Twenty years ago, you were unlikely to see matcha outside of Japanese restaurants and Asian grocery stores. But in the past 5 years, matcha tea has steadily gained consumer interest in the United States. Is your restaurant ready to get in on the trend? Here’s a list of 4 ways your restaurant can incorporate this increasingly popular ingredient into your offerings!
But First: What Is Matcha?
Matcha is a type of ground green tea — in Japanese, ma means “ground” and cha means “tea.” Like the name suggests, matcha differs from regular green tea in one simple but very important way: with regular green tea (just like with black tea), you add the tea leaves to hot water, steep for a short time, and then remove and discard these leaves. But with matcha, the leaves have already been ground into a powder so fine that it’s almost silky.
To “brew” matcha, you stir the powder into the water just as you would with a chocolate mix for hot cocoa. There is no tea bag to remove afterward, and your matcha is ready for consumption immediately after stirring! This also means matcha is, technically, a “whole leaf” tea which provides a different flavor, mouthfeel, and nutritional profile from regular loose leaf green tea.
- Give Your Diners a New Experience
American consumers are always looking for a new experience, but they don’t like to be scared off by something completely alien. Matcha is the perfect blend of novelty and familiarity: it’s still green tea—something that most consumers are comfortable with—but it’s presented in a new (and exciting) way.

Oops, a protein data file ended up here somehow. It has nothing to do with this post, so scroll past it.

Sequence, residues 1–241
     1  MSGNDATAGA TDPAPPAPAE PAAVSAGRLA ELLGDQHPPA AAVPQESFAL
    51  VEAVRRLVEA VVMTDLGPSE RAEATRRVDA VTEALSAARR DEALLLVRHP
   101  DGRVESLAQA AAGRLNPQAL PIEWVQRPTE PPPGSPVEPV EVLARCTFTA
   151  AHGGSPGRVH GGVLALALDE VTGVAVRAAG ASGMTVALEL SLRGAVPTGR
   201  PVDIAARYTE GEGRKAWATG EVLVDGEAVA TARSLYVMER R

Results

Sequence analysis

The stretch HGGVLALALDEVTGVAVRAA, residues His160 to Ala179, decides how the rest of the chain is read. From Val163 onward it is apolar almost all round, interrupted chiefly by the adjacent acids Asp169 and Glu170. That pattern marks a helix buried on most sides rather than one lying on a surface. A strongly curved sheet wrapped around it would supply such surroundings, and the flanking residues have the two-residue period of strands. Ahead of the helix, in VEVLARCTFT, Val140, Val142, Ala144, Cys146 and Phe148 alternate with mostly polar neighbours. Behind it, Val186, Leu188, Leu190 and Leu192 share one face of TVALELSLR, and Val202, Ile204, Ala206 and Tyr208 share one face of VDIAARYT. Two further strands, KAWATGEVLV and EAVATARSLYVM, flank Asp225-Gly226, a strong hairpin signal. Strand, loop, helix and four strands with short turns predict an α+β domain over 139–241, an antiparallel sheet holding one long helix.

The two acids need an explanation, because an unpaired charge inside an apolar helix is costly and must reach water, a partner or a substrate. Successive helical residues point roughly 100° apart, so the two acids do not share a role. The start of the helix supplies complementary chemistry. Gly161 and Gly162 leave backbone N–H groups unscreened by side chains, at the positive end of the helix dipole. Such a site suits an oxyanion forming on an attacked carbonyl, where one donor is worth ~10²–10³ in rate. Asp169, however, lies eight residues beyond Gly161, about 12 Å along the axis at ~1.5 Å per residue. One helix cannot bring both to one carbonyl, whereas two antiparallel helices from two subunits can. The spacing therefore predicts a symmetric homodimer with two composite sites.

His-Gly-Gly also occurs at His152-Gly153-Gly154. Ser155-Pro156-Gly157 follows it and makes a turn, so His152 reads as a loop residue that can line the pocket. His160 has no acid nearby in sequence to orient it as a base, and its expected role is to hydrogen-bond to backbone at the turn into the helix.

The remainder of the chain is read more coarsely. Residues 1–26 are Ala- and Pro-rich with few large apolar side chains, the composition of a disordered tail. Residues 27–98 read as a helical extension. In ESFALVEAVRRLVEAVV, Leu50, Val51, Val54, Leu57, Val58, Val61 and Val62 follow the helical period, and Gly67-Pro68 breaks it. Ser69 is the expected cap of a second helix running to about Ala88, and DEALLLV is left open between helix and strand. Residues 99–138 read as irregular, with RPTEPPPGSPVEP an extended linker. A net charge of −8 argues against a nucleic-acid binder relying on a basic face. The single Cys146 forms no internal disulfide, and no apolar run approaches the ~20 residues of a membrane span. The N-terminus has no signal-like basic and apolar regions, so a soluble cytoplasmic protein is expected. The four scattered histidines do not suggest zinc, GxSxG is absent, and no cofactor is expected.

Providing matcha tea to your customers could also be an opportunity for your restaurant to expand sales in the lucrative beverage category. For customers who don’t want soda, coffee, alcohol, or traditional black tea, matcha presents a luxury alternative—“luxury” because matcha is not the generic pot of green tea that many Asian restaurants give customers just for walking in the door. This is a high-quality beverage that costs more to procure and commands a premium on menus. In this regard, matcha is more like a fancy cappuccino and less a cup of basic drip coffee.
Additionally, many Americans still have yet to try matcha, so it holds the appeal of a surprise, brand new product. Give it a place of prominence on your menus, with some text to entice diners into trying it, or suggest it as a recommended pairing with popular dishes and specials. You can also have wait staff recommend it. Matcha can accompany any part of the meal—appetizers, entrees, even desserts—so it’s up to you to choose how you want to advertise it in your business.
- Round Out Your Healthy Offerings
Matcha has numerous documented health benefits that go above and beyond regular green tea. Because you’re ingesting the entire tea leaf when you drink it, matcha’s health effects tend to be more intense than regular tea, with higher concentrations of various minerals, antioxidants, and other nutrients. Matcha tea is actually even considered a “superfood!”